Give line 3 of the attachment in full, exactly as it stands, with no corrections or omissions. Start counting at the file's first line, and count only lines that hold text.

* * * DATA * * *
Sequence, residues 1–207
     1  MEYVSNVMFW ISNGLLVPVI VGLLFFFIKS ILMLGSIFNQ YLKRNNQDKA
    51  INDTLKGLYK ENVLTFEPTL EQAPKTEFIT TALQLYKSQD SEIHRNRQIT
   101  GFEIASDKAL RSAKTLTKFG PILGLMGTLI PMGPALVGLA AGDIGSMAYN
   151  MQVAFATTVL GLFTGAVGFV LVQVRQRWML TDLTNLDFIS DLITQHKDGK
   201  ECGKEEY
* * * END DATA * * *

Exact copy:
    51  INDTLKGLYK ENVLTFEPTL EQAPKTEFIT TALQLYKSQD SEIHRNRQIT